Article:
that governments place on operators to
offer service in all areas, regardless of economic feasibility.

Value-added
network services (VANS):

Telecommunication services provided over


public or private networks which, in some
way, add value to the basic carriage, usually
through the application of computerized
intelligence. Examples of VANs include reservation systems, bulletin boards, and information services. Also known as enhanced
services.

VDSL:

Very-high-data-rate digital subscriber line


(ITU-T G.993.1). The fastest version of DSL
that can handle speeds up to 52 Mbit/s over
very short distances. Often used to branch
out from fibre connections inside apartment
buildings.

Voice over
broadband or
Voice over DSL
(VoDSL):

A method of making voice calls over a


broadband connection. The calls can be
either made via a computer or through
traditional phones connected to voice over
broadband equipment. See also IP telephony
and VoIP.

13

ITU-infoDev ICT Regulation Toolkit

VoD:

14

Video on Demand (ITU-T J.127 (04), 3.3).


Program transmission method whereby
the program starts playing after a certain
amount of data has been buffered while
receiving subsequent data in the background, where the program is completely
created by the content provider. Using
this system, users are able to select and
watch video and multimedia content over a
network as part of an interactive television
system. VoD systems either stream content,
allowing viewing in real time, or download
it, in which the program is brought in its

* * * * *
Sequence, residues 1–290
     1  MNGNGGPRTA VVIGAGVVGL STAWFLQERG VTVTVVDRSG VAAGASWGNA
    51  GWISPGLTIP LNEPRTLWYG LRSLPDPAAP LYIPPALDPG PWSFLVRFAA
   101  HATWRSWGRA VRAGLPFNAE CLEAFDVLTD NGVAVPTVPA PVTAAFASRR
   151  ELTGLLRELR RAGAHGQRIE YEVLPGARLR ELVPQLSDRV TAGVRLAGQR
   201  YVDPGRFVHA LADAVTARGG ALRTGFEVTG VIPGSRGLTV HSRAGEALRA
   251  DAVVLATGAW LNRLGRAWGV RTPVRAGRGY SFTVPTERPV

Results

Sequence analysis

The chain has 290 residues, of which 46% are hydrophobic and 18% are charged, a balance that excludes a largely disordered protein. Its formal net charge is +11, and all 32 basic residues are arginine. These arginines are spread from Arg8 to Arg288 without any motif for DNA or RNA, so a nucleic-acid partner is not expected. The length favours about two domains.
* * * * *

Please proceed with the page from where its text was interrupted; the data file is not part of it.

entirety to a set-top box before viewing
starts.

VoIP:

Voice over IP. A generic term used to


describe the techniques used to carry voice
traffic over IP (see also IP telephony and
Voice over broadband).

VPN:

Virtual private network. A method of


encrypting a connection over the Internet.
VPNs are used extensively in business to
allow employees to access private networks
at the office from remote locations. VPNs
are especially useful for sending sensitive
data.

VSAT:

Very Small Aperture Terminal. A 2-way satellite ground station with a dish antenna that
is smaller than 3 metres, as compared to
around 10 metres for other types of satellite
dishes.

WAN:

Wide area network. WAN refers to a network


that connects computers over long distances.

W-CDMA:

Wideband code division multiple access. A


third-generation mobile standard under the
IMT-2000 banner, first deployed in Japan.
Known as UMTS in Europe. See also CDMA.

WDM:

Wave division multiplexing. Technology that


allows multiple data streams to travel simultaneously over the same fibre optic cable by
separating each stream into its own wavelength of light.

Web 2.0:

A term referring to a perceived second


generation of web-based communities and
hosted services such as social-networking
sites and wikis which facilitate collaboration
and sharing between users.

Website/
Webpage:

A website (also known as an Internet site)


generally refers to the entire collection of
HTML files that are accessible through a
domain name. Within a website, a webpage
refers to a single HTML file, which when
viewed by a browser on the World Wide
Web could be several screen dimensions
long. A home page is the webpage located
at the root of an organizations URL.

G lossary of Terms